This token (at right) is from Overseas Lodge No. 40 and belonged to John A. Marshall (1877-1966). Described as a “devoted and ardent Mason” by his nephew, Marshall belonged to Strafford Lodge No. 29 in Dover, New Hampshire. It is still unknown if Marshall was a member of Overseas Lodge No. 40 or if the token was a gift from a fellow Mason. One side of the token shows Masonic symbols. On the other side is the emblem of the Overseas Lodge which includes an "A" at the center of a circle,  the insignia of the Third United States Army (the United States Army Central). Both sides token overseas lodge

Overseas Lodge No. 40 is still active today in Rhode Island and is open to military veterans or active duty members. They hold an annual meeting and reunion on Armistice Day. It is the only military lodge chartered by the Grand Lodge of Rhode Island.

In writing about the formation of the club and Overseas lodge at its close in Germany in 1919, District Deputy Grand Master Lieutenant Colonel Winfield S. Solomon (1876-1954), Past Master of Morning Star Lodge No. 13 in Woonsocket, Rhode Island, stated: “These officers and men alike had experienced in practice the meaning of that spirit of brotherhood and equality which we had been taught at home. Through this experience the great truths of Masonry for which our fraternity stands were brought home to us as never before.”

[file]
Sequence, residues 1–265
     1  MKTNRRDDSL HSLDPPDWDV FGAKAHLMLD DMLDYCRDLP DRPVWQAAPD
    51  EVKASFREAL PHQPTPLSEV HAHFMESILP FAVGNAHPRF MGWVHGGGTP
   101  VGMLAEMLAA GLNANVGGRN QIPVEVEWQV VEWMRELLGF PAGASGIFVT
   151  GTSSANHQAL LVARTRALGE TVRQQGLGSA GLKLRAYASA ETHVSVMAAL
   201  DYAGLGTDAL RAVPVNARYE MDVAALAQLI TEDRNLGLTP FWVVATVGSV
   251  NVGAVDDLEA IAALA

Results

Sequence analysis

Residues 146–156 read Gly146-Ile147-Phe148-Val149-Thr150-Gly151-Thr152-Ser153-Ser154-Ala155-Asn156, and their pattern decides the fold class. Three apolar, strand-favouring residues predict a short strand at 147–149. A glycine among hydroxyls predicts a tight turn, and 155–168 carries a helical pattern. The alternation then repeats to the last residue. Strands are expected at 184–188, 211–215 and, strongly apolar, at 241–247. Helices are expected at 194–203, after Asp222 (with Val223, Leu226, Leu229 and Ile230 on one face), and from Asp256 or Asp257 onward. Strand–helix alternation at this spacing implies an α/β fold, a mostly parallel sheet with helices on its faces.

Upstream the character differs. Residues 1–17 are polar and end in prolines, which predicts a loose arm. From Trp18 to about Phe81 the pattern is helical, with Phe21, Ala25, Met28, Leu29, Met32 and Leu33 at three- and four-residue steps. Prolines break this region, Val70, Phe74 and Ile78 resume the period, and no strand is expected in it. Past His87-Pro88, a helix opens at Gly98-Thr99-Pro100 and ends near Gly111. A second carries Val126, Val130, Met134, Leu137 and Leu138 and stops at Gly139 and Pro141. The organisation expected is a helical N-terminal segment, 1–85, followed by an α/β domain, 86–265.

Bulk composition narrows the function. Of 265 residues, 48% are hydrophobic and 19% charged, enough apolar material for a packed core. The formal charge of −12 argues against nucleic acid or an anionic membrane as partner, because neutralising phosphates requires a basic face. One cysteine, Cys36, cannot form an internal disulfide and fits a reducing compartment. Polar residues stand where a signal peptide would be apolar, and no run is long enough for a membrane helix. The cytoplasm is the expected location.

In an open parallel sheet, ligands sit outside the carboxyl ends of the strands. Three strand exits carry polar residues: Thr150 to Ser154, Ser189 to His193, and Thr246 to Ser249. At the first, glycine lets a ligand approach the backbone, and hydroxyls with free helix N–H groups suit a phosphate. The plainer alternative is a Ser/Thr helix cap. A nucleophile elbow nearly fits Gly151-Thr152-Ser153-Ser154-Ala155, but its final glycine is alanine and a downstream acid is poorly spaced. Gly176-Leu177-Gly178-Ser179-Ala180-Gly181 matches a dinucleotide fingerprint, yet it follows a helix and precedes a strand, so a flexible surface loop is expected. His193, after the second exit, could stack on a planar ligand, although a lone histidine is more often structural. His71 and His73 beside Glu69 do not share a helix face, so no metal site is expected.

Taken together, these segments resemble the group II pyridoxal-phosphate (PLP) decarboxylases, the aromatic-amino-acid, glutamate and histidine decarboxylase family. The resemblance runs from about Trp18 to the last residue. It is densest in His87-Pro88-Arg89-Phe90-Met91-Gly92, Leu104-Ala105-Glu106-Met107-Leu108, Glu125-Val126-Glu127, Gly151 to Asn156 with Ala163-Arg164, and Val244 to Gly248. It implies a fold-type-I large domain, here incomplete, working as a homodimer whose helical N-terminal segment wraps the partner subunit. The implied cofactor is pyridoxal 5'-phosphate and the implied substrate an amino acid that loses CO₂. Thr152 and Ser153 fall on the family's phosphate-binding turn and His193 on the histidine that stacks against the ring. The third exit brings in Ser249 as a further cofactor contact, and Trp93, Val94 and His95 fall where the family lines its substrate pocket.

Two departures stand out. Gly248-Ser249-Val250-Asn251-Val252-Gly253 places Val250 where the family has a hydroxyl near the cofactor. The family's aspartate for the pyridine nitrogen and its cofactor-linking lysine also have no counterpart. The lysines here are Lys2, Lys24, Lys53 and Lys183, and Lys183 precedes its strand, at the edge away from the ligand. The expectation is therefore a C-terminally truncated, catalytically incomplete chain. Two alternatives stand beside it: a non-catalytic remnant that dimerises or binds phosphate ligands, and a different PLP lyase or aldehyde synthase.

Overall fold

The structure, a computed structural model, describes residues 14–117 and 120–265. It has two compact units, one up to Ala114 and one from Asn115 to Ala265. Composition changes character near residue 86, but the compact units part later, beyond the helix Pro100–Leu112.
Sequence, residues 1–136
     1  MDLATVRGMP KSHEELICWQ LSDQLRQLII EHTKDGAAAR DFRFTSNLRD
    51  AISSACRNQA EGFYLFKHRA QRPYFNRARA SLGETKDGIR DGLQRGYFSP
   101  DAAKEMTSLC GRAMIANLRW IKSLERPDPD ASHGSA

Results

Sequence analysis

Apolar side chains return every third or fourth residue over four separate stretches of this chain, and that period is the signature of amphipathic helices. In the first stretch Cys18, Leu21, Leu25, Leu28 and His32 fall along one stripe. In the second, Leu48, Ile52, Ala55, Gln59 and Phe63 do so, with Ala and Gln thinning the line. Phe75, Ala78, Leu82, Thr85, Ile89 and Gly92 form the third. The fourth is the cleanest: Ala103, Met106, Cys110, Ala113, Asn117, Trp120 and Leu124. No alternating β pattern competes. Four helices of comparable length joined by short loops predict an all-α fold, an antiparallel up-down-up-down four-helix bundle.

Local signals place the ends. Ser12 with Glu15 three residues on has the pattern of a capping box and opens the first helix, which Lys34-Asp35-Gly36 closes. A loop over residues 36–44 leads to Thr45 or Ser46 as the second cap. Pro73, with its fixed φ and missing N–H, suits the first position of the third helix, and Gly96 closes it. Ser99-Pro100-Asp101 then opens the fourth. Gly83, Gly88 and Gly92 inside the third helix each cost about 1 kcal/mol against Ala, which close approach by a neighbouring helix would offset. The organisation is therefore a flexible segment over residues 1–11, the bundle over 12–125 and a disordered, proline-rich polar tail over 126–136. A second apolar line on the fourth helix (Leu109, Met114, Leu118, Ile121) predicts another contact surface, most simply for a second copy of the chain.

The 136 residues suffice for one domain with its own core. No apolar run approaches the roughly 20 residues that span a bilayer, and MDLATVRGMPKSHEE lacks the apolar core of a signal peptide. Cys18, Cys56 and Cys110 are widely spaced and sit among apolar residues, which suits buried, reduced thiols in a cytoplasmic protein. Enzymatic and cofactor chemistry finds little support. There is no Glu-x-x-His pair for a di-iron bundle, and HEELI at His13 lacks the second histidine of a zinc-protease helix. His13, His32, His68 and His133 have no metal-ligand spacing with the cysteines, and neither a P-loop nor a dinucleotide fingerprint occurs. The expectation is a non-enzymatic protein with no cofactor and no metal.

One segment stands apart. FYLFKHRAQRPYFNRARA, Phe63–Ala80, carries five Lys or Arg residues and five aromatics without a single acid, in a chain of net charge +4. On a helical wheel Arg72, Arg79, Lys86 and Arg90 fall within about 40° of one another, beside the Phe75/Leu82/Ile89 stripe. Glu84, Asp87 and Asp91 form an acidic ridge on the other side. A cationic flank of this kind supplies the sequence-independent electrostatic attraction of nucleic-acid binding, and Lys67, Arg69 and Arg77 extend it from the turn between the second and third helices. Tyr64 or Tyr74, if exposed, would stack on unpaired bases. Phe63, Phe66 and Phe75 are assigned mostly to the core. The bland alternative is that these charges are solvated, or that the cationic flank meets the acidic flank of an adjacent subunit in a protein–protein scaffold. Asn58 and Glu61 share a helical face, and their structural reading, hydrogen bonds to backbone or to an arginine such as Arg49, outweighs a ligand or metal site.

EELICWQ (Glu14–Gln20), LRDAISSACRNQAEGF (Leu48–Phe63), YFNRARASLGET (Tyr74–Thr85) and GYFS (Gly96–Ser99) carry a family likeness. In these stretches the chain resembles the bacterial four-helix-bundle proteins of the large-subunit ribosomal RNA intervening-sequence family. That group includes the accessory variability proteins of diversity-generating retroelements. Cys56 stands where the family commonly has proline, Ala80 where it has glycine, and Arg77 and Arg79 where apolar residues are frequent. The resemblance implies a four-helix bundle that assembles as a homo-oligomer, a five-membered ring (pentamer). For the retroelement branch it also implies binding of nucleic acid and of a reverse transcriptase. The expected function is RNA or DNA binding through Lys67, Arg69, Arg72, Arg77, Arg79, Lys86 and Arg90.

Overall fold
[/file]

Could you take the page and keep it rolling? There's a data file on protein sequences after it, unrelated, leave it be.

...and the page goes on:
Visit our previous blog posts to learn more about other military lodges. Do you have any items related to Overseas Lodge No. 40? Let us know in the comments below.

Captions: 

Officers of Overseas Lodge No. 40, 1923. Cranston, Rhode Island. Museum Purchase, 2001.029.

Overseas Lodge No. 40 Token, 1919-1966. United States. Gift of the Supreme Council, 33º, Ancient Accepted Scottish Rite, Northern Masonic Jurisdiction, U.S.A. from Mr. Clarence Hayfield, SC79.2.

References:

History and Roster of the Masonic Club of the Third American Army and Rhode Island Overseas Lodge (Providence, RI: Press of E. L. Freeman Company, 1919).

Proceedings of the Grand Lodge of Rhode Island, 1919 (Providence, Rhode Island: Grand Lodge, 1919) 32-35.  


Masonic Souvenirs from Jerusalem

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Box with Masonic Wheat, Wine and Oil, ca. 1887. Jerusalem. Gift of Alvin Frank Appel, 85.90.

In Freemasonry, corn or grain, wine, and oil symbolize prosperity, health, and peace. They are considered a Freemason’s “wages” or “wages of nourishment” and are featured in Masonic degrees. Masons often use corn, wine, and oil in building consecration ceremonies. The grain, wine, and oil pictured here are housed in a wooden box.  The box was made in Jerusalem.  It is accompanied by a card of authentication from the U.S. Consulate. The printed card, dated January 19, 1887, is signed by U.S. Consul Henry Gillman (1833-1915) and reads “I certify that the wine and oil forwarded to John Worthington Esq. U.S. Consul at Malta were made in Jerusalem, that the wheat was raised here, and that the leather bottles are such as used here and were made in this country. The wine is known as Jerusalem wine and is seven years old.”